Revisiting Indiana Jones

Watching Indiana Jones for the first time in class since I initially saw it as a child was an interesting experience because it essentially caused me to re-evaluate whether all my favorite childhood films were also filled with dangerous stereotypes and problematic content. Like Indiana Jones, there are other films I have recently revisited to watch for a second time in order to find out whether these films which I was enthralled by as a child were still as entertaining and enjoyable to watch as an adult, and unfortunately in doing so I found that many of my other childhood favorites, namely Major League and The Last Samurai, also were filled with racist content and scenes. The racist issues in Temple of Doom are easy to see: In the second scene of the film Indiana Jones, a white hero, falls from the sky into a Indian village where he is welcomed as the town’s savior and is asked to save their sacred stone along with their children. Right off the bat it becomes evident that there is a pro-colonialist message within the film that is suggesting that in order for the village to thrive and remain safe there needs to be a white foreign presence and this message only becomes stronger as the film progresses and the colonists actually come and save the villager’s children at the end by helping Indiana to fight off the Kali Cult. As a kid I was completely oblivious to these concepts and was simply enthralled by the cool visual effects that Spielberg employs throughout the film, like the mine cart chase scene, but after watching this film in class it’s become evident that Spielberg’s portrayal of Indians as either helpless or religiously dangerous is incredibly problematic because it sends the message to future generations that we either must fear different cultures or try and help them because they are unable to help themselves. I thought that maybe Temple of Doom was an outlier in this regard, but after rewatching parts of Major League and The Last Samurai its clear that there is a pattern of racist misrepresentation within hollywood that still is continuing to this day. In Major League this racist stereotyping comes in the form of the player Pedro Cerrano, a black latino baseball player who relies on voodoo rituals to give him the power to play well and is deeply entrenched in spirituality. Pedro’s character is clearly suppose to be a caricature of a foreigner whose religious customs are alien to American society and he is often mocked in the film because of his cultural practices. The Last Samurai also features a message that is racial problematic because Tom Cruise’s character, an imperialist, is captured by Japanese Samurais and then adapts their culture and takes on the challenge of having to preserve their way of life, which is incredibly confusing because it sends the message that a white man is once again need to come to the rescue and solve societal problems. Before I never thought much about the messages these films were sending and just enjoyed them for their action sequences and story lines, but after discussing the implications of these misrepresentations I’ve realized that films like these can instead be dangerous because they lead us to develop unfair stereotypes and views.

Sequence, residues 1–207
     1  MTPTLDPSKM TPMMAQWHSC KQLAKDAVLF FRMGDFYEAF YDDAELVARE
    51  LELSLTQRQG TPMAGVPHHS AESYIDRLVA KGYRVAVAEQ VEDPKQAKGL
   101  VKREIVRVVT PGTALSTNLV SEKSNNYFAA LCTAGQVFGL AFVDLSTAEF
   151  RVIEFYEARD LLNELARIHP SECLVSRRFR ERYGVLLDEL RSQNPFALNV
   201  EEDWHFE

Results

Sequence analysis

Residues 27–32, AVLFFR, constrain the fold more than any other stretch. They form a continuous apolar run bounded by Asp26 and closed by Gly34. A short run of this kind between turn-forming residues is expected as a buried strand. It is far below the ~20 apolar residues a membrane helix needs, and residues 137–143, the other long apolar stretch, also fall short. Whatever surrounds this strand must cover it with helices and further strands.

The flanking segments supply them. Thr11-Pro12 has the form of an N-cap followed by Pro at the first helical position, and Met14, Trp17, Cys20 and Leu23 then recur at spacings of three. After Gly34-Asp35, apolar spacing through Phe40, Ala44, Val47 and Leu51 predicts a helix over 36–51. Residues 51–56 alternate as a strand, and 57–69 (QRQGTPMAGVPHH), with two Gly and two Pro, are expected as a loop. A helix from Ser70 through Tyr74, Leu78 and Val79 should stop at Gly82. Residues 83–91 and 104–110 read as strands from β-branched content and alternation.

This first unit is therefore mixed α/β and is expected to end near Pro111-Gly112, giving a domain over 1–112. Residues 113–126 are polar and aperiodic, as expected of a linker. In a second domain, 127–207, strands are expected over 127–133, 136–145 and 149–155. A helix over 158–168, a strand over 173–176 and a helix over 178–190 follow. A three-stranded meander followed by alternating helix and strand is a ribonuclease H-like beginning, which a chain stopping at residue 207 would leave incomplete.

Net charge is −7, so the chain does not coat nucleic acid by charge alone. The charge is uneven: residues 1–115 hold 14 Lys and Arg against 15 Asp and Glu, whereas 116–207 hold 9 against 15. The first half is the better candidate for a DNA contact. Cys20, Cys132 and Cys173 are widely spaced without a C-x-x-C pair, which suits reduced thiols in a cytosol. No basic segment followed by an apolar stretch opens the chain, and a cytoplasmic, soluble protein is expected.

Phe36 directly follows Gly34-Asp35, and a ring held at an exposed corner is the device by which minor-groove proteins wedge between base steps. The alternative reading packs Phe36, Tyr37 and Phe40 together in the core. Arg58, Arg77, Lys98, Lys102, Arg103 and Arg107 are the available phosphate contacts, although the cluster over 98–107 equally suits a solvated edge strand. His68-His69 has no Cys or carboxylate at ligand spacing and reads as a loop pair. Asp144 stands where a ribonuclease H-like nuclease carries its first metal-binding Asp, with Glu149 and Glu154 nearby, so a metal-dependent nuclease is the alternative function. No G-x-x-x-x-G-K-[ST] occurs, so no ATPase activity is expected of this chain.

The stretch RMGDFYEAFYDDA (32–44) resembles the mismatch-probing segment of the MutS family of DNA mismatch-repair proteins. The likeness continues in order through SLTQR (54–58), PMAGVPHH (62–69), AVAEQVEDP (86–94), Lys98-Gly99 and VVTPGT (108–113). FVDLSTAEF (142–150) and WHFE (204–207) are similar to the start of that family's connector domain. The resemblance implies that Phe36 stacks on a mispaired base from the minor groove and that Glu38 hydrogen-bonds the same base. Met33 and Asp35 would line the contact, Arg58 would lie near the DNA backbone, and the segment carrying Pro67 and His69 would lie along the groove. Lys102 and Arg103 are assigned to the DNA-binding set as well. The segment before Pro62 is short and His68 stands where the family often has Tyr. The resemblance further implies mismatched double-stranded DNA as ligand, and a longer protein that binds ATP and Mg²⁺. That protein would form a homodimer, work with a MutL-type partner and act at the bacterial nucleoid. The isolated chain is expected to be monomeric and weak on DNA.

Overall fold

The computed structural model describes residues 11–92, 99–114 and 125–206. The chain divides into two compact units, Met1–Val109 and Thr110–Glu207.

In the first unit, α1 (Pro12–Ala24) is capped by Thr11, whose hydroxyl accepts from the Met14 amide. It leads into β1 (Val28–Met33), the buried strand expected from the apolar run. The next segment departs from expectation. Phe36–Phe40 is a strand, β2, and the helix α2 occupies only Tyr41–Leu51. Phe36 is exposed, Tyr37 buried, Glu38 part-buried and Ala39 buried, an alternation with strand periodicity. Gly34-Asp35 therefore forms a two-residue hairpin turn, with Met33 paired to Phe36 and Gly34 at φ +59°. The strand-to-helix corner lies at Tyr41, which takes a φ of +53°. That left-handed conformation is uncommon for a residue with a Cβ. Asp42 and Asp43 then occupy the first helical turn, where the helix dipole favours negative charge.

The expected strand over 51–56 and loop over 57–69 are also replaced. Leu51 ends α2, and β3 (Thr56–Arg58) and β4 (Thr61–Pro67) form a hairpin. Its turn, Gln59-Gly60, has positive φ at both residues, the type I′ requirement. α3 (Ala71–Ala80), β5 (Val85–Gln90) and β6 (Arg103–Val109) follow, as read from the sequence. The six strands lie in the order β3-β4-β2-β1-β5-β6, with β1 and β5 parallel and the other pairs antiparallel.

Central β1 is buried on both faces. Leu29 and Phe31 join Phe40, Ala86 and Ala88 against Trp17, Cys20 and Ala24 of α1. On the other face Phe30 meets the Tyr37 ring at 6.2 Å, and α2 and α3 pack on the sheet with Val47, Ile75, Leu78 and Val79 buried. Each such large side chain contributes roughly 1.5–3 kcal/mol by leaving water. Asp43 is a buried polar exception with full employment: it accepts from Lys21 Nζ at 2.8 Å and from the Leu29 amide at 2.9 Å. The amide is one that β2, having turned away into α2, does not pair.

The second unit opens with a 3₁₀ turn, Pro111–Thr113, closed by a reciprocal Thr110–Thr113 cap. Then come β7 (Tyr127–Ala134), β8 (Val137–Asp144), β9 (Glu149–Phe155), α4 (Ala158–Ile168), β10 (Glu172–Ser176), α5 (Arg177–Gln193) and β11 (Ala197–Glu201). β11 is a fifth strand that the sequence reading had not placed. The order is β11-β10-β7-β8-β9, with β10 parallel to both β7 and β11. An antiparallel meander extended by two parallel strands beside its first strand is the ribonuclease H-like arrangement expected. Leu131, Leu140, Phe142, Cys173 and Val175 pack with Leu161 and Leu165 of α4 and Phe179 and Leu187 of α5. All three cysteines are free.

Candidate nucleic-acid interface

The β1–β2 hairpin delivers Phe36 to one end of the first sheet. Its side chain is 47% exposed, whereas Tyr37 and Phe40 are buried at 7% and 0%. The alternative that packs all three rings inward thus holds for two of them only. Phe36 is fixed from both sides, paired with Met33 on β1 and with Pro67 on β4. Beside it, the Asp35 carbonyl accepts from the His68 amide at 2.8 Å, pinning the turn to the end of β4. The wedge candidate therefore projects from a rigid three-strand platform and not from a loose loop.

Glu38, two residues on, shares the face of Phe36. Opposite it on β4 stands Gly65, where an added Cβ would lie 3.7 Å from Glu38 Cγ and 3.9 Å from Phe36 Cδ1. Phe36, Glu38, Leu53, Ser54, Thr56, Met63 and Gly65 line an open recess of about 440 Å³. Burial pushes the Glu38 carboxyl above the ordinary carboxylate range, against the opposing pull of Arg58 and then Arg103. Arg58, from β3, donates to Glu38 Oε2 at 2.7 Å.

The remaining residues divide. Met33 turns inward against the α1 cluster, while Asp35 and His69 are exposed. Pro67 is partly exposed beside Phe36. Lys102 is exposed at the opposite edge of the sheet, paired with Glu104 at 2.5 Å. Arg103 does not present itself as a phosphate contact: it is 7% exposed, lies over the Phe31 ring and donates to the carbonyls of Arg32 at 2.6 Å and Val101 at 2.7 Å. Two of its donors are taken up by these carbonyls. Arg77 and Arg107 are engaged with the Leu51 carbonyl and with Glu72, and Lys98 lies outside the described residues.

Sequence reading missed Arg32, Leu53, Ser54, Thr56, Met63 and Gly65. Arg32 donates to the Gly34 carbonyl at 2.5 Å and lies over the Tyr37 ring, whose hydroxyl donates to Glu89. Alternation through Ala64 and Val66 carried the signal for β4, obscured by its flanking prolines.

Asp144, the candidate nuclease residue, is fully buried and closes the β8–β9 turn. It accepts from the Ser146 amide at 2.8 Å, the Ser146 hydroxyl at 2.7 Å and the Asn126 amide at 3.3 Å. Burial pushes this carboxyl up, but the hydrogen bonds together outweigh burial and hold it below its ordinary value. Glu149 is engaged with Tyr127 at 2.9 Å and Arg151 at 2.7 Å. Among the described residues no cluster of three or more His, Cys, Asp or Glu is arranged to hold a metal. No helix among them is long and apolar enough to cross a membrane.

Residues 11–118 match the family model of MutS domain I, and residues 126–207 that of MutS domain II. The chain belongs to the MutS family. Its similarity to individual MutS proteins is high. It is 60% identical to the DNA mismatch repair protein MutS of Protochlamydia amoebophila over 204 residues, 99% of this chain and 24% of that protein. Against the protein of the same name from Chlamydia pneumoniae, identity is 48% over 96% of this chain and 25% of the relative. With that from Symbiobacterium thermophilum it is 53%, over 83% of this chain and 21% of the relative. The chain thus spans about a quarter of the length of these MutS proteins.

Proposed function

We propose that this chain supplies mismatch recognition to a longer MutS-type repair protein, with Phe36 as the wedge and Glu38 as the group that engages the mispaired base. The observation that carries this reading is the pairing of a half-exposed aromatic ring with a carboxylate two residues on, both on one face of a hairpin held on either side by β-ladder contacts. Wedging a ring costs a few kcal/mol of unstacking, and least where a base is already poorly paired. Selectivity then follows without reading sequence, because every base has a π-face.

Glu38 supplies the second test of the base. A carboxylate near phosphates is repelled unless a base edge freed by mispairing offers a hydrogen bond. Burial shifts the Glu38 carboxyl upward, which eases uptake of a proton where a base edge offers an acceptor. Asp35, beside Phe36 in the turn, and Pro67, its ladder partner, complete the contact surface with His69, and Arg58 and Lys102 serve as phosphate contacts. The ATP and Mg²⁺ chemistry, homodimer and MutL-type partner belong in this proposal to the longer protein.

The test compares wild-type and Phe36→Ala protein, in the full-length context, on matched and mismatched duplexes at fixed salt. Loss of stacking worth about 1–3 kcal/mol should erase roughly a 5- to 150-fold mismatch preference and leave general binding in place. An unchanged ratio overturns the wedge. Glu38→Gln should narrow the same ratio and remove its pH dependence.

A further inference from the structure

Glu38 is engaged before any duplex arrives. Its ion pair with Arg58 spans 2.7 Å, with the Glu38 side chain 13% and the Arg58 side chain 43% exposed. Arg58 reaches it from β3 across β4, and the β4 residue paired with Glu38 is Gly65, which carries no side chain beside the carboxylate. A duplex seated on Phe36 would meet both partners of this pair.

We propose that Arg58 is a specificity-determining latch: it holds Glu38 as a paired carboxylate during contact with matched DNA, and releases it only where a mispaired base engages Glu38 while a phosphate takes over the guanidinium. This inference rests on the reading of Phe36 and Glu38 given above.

One thought on “Revisiting Indiana Jones”

  1. Chris, you bring up a really interesting point of revisiting films years after initially seeing them and observing how they differ in interpretation with time. It’s alarming to notice that films that you once considered admirable are now perceived to be offensive and insensitive. You also touched upon the idea of how film interpretation changes from time in your presentation today. In your talk today you noted that most of the changes are attributed to the altering political and social environments that coincide with the publication of the reviews. I’m curious to know if you believe the initial enjoyment you received from the first screening of these films emerged from your innocence and perhaps arrogance or because racism and other issues were not as prominent in society as they are today?

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